The need for women's Anger
The necessary fire of women's anger in print—past, present, and future.
Hello dear readers. Like many women, I’ve been reading and thinking about what it means to make room for women’s anger. Aswrote in a fantastic post this week about her early days at Jezebel, which has recently been shuttered—where does women’s rage go—and how do we resist a world that tells us it is too disruptive, and worse, not marketable enough (ugh)?
I wrote about women’s anger in the early days of this newsletter—and how one of the earliest works in English by a woman was a retort to the blatant misogyny of the ‘woman question’ that was endlessly debated, mostly by men in print. The woman’s name? JANE ANGER.
Maybe it is a pseudonym—maybe not—but regardless, it’s the kind of wink the universe gives when it’s saying the obvious and we still think it might be chance and ignore the point entirely: that woman’s anger—in print and personified—is one of the first subjects to be addressed in print by a woman is no accident.
I wanted to share that essay this week, as there are many of you who are new subscribers (thank you!), and also to (humbly) be in conversation with so many of the fantastic writers on substack who are also writing about women’s anger, who create space as they write for all women to feel more seen, whole, and heard—such as and — to name but a few taking back the spaces that larger gatekeepers try to keep closed for women’s writing.
When I first moved to Alaska—a place my husband is from and wanted to return to—we were both starting new jobs in a new place. His new work took him to western Alaska for a month to do fieldwork. As a result, I started my new job in this new place with my dog, navigating Anchorage. Soon after we arrived, cities of boxes from the first home my husband and I had bought together in Oregon arrived, and I unpacked the tetris of our older life, trying to make it fit into the small apartment we had been able to find ahead of the move. Needless to say, my introduction to Alaska was not a soft one. It had ragged edges. It asked me to dig up the roots I had in a job I had loved, to move north with the person I loved more.
As Kate Zambreno writes in her book Heroines:
I am realizing you become a wife, despite the mutual attempt at an egalitarian partnership, once you agree to move for him. You are placed into the feminine role—you play the pawn. Once you let that tornado take you away into the self-abnegating state of wifedom. Which I did from the beginning, now almost a decade ago, quitting my job...so we could live in London and he could attend a graduate program.1
I felt that realization. I had never resented being a wife before, but that summer, I could feel myself growing more angry. Angry that because of internalized misogyny, my husband and I both never really questioned whose career we would follow, despite our beliefs in being equal partners. I wanted to help him not feel homesick—but then I was the homesick one in a way I had never experienced—and I had lived abroad and in cities that were not my home previously with pangs, but nothing I couldn’t recover from. Alaska is a very distinct place—I’m still trying.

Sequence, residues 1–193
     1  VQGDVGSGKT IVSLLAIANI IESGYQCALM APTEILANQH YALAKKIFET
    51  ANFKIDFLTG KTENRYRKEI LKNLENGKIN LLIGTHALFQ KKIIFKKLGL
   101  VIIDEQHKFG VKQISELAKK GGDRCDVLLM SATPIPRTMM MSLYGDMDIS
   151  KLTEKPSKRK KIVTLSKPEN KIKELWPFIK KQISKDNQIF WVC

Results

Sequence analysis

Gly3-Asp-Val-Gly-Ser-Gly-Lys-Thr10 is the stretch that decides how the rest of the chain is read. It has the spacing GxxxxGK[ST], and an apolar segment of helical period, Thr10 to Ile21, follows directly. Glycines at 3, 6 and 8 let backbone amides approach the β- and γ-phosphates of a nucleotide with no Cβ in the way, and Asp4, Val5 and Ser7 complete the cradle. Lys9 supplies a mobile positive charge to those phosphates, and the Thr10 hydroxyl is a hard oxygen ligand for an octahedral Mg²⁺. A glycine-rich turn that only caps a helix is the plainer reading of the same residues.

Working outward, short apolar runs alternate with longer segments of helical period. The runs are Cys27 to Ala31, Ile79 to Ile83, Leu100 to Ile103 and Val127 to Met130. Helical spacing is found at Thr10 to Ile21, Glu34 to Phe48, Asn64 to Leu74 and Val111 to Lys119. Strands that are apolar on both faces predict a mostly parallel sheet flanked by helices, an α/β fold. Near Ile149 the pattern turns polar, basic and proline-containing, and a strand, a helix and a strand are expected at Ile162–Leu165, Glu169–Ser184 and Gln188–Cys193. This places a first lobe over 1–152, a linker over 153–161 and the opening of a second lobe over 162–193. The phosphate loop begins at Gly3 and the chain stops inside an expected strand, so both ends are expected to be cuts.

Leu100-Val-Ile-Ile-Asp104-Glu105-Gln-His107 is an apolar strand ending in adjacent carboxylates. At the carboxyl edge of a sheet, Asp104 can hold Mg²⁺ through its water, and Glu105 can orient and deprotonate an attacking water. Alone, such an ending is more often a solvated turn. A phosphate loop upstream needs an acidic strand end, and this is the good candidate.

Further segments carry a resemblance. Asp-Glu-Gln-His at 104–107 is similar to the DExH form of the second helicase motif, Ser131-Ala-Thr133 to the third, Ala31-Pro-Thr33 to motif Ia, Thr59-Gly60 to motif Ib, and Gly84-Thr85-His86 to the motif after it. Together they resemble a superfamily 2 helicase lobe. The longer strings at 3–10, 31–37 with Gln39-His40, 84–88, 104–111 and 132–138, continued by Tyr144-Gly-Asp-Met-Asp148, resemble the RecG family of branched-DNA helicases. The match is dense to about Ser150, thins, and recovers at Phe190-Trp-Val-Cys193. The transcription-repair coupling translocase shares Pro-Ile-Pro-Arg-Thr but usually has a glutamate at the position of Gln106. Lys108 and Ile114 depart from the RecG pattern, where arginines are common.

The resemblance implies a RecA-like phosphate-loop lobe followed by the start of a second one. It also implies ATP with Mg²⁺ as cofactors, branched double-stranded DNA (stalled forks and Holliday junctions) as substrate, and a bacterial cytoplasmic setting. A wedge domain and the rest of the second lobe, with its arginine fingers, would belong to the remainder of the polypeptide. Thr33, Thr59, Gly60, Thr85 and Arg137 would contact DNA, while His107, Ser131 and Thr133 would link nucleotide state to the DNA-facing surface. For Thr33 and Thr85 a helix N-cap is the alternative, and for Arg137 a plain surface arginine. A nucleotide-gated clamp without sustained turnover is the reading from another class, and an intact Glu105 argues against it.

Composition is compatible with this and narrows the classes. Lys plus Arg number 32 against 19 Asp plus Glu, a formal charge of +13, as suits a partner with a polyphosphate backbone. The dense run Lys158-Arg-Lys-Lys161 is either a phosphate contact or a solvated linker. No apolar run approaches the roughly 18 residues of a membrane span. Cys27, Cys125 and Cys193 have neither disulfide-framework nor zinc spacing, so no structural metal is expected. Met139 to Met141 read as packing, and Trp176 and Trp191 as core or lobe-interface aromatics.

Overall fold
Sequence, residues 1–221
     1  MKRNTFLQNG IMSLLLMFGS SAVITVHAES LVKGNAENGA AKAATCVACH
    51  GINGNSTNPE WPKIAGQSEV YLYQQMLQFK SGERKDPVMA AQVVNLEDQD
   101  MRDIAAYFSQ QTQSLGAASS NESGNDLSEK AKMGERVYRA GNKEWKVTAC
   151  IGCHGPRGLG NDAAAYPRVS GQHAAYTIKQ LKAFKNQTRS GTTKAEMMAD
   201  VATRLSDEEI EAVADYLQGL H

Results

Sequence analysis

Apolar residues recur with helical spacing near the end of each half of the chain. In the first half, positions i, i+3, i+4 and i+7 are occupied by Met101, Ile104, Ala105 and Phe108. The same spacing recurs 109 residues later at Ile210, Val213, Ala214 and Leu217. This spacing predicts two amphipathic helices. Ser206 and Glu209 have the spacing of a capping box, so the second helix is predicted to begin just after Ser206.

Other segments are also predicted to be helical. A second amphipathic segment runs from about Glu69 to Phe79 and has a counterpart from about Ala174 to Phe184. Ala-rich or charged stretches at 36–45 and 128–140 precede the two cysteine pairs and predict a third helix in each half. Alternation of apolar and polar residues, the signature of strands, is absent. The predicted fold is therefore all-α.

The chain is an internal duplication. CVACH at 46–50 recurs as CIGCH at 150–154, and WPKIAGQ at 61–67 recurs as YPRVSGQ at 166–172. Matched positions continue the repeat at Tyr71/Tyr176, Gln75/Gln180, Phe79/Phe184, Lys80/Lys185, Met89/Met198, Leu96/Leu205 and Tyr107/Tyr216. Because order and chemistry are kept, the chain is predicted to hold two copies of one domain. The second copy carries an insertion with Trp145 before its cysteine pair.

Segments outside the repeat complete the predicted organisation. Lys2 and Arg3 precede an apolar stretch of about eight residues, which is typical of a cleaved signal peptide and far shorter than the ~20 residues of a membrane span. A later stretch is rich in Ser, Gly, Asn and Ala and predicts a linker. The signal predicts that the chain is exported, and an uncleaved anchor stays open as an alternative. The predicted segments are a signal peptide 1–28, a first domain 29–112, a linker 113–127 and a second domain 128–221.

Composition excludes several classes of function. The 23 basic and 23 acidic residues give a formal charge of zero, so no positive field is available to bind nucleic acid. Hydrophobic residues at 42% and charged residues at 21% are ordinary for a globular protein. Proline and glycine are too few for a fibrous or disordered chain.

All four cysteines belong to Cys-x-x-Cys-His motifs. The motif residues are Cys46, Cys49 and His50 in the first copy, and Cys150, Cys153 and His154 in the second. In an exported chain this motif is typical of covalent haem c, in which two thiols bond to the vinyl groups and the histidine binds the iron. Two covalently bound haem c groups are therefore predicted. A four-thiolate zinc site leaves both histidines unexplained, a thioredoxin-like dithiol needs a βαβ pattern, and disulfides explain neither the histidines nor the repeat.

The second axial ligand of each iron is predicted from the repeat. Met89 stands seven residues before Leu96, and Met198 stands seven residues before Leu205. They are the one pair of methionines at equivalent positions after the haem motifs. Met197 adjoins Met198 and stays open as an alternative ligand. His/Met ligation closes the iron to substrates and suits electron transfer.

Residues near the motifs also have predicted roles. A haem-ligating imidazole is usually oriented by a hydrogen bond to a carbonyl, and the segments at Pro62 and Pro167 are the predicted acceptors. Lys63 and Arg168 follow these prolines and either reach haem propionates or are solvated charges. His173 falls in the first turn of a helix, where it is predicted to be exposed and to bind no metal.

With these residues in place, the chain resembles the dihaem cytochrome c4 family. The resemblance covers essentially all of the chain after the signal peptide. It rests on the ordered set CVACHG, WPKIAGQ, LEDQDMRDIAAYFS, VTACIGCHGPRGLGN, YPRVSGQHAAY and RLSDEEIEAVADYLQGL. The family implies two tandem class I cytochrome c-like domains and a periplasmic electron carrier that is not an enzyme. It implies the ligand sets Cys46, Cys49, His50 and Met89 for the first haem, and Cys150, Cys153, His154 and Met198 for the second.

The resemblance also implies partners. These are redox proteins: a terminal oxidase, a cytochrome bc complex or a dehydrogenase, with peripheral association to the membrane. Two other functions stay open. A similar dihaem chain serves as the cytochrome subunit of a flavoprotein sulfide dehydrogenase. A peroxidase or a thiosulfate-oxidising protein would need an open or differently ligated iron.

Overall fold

Some friends visited us that first summer of our move, and I said something of my frustration, missing my old job and friends, of feeling so uprooted. One of them asked me in a conversation, “why are you so vitriolic?”
The question hit me hard—because I was feeling vitriolic. And I was ashamed at it being so obvious, and yet angry that there was nowhere for my anger to go. I was angry that Alaska was coming between my husband and me in a way I hadn’t anticipated. I was angry at myself for that—and at society, the world.
My mom has asked me the same question at times. Once when I was working at the museum 60 hours a week, trying to please a boss who would repeatedly criticize a perceived lack of time spent at the museum, despite working each night at home until at least 11 pm and weekends—desperately clinging to be present in my 8-year-old son’s life, picking him up from after school care to be home and present at dinner and before bed. Having lunch with my parents felt like another demand in a hectic time, and I was angry about it—not at them, but at being in a situation of constant scarcity, of my professional commitment being questioned by a boss who held to manic, masculine ideals of what work looks like while still being a woman. And in the same breath trying to have lunch with visiting parents, who I also wanted to make time for but which also meant time away from the office. While we waited for our water my mom asked: why are you so angry?
How can we not be angry—how can we go about life without feelings of anger towards history, toward the chasms in history that remain invisible, the raging exploitation of people and resources, inequalities, injustices—all of it.
I’m angry because there should be no reason today that a woman cannot work and be present for her own child. I’m angry that women are expected to still do it all. I’m angry because of how women’s rights in this country are disintegrating before our eyes—and how rarely people in this state, let alone the country, seek to rectify the injustices of genocide and slavery that made this country what it is and now are screaming at school boards because they want to talk about it even less.
We are constantly told anger is a dangerous emotion, to never let it show lest you make someone else uncomfortable. Another way we are taught to make ourselves smaller for other people’s comfort.